the “customers for life” strategy. It was also a natural fit for me as I had an appreciation for what my
customers were going through just to keep their businesses afloat. Choosing to pursue “customers for
life” also creates a feeling that “we’re all in this together” as opposed to just trying to get what you can
from people who purchase your product.

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Year #1 was difficult as we only hit $250,000 in sales to help offset our fixed cost. Year #2 was
significantly better as sales were nearly $600,000, but our costs did go up because we had to add staff.
We were fortunate to have sales go up significantly every year which put us in a position to fight off the
impact of the recession in 2008. We gained a good “rhythm” and successfully ran the business until we
sold in 2019.

Most importantly having my own business provided me with the flexibility I needed throughout those years to handle the ever-evolving school situations due to my son’s special needs. There were many days where I needed to jump out of my workday for a while to address situation which were happening at Nick’s school. I’m quite sure I would have not been afforded the flexibility I needed if I had worked for someone else.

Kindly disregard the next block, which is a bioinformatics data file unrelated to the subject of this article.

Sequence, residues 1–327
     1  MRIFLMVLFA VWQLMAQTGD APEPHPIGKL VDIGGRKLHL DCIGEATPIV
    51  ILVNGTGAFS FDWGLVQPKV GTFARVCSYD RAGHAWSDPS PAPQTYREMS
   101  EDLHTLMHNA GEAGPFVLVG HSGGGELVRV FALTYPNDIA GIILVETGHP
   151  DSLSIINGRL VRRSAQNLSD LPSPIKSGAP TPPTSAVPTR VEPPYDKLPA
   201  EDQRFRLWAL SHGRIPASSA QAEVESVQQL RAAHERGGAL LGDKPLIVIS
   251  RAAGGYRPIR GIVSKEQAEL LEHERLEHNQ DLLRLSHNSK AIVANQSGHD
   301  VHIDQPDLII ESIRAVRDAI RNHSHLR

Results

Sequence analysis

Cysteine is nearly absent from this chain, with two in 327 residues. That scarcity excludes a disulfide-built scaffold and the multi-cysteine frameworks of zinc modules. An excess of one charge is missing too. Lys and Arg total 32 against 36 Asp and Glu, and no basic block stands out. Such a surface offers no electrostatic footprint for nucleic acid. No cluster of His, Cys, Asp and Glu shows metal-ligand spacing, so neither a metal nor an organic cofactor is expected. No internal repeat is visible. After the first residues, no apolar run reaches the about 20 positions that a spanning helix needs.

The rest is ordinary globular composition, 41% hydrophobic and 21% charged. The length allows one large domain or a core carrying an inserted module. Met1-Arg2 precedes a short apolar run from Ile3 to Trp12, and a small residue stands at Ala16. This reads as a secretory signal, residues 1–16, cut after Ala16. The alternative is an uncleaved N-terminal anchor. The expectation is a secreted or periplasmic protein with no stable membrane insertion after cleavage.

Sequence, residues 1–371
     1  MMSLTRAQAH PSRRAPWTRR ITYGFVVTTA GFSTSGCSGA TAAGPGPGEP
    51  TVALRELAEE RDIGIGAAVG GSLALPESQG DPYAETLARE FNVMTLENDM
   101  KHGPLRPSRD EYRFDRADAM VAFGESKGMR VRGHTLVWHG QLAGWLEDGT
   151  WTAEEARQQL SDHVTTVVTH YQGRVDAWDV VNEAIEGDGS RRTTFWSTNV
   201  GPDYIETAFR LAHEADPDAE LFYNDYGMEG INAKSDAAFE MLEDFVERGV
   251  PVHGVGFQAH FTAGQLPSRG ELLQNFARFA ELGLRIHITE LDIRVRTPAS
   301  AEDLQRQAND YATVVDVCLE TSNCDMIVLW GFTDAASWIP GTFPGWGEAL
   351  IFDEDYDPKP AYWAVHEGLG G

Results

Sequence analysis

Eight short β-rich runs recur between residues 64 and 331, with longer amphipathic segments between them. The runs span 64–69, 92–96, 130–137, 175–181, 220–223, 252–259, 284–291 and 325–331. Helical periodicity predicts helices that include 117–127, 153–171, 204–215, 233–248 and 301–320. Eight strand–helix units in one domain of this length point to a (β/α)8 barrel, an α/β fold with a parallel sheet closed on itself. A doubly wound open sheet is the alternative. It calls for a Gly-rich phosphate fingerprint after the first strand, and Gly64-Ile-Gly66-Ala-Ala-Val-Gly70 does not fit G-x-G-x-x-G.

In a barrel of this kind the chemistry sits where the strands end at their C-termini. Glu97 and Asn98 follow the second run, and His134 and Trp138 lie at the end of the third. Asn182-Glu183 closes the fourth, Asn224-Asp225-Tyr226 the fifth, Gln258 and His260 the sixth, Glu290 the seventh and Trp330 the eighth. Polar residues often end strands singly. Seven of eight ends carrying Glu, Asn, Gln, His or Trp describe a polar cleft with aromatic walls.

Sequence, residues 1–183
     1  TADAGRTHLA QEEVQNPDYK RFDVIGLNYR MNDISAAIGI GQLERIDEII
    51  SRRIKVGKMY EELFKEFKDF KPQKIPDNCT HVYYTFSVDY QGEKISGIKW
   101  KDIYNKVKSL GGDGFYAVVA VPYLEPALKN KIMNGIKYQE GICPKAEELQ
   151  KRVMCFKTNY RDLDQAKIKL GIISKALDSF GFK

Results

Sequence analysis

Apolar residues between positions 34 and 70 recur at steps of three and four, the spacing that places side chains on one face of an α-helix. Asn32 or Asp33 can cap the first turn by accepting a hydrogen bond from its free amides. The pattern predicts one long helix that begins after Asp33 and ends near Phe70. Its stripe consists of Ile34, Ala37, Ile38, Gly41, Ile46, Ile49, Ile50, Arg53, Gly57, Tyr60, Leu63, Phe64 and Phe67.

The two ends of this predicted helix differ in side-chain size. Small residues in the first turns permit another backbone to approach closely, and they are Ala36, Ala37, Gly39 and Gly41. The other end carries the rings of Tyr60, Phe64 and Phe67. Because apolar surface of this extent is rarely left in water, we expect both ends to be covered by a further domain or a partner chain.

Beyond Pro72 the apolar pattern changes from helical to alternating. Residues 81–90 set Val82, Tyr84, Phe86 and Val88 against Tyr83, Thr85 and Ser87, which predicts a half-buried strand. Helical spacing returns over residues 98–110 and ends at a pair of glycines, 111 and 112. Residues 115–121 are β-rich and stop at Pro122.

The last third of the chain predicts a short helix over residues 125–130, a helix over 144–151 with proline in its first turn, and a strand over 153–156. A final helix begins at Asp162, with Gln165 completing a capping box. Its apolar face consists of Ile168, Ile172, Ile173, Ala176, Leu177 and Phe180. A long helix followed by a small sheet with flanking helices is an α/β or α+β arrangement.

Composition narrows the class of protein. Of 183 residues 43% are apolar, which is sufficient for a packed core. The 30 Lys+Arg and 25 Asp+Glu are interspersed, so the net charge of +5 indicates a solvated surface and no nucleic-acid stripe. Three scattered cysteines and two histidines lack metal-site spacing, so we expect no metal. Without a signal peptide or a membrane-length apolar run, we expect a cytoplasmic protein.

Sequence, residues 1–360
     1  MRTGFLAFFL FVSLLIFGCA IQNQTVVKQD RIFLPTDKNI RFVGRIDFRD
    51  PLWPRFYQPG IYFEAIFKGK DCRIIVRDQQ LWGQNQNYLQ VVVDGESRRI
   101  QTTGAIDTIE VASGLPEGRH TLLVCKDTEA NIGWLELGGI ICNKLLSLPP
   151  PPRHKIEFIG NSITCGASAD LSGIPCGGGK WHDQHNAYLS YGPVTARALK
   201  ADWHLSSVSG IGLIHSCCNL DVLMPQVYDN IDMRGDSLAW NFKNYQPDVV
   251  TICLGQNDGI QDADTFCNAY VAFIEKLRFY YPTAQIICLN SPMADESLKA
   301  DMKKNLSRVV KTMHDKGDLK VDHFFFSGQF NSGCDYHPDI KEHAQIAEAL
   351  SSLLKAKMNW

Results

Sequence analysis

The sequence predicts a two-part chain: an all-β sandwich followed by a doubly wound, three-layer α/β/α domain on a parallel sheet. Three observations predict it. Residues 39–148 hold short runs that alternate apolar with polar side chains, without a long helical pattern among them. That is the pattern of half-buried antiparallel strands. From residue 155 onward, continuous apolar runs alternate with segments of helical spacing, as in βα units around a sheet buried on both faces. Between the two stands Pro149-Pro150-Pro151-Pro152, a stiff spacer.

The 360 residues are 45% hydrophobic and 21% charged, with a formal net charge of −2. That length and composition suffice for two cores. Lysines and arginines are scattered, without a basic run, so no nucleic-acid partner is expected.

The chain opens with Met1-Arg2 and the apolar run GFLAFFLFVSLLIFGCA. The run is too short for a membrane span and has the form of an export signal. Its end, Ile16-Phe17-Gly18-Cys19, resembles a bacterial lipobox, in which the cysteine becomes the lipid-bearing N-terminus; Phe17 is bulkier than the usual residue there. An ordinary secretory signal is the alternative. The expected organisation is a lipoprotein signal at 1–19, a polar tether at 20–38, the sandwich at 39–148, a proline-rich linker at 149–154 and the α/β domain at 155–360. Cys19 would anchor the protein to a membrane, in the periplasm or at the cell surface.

In 2014 my wife and I opened a second business (Putts & More Family Fun Center) which employs
and provides internships for adults with disabilities. This was again a choice to start a small business due
to life events. My son Nick and other individuals needed to find employment so they could show all the
things they are capable of. Having been able to learn from the many experiences at Freedom Printing
made it easier to handle the challenges of this new business. My wife Marion runs this business
successfully as our team at the chamber helps support the many entrepreneurs we have as members.


Editor’s Note: SOURCE and the MetroWest Chamber have formed a partnership. The Chamber’s column will run on Tuesdays on the digital news media outlet.

By editor

Susan Petroni is the former editor for SOURCE. She is the founder of the former news site, which as of May 1, 2023, is now a self-publishing community bulletin board. The website no longer has a journalist but a webmaster.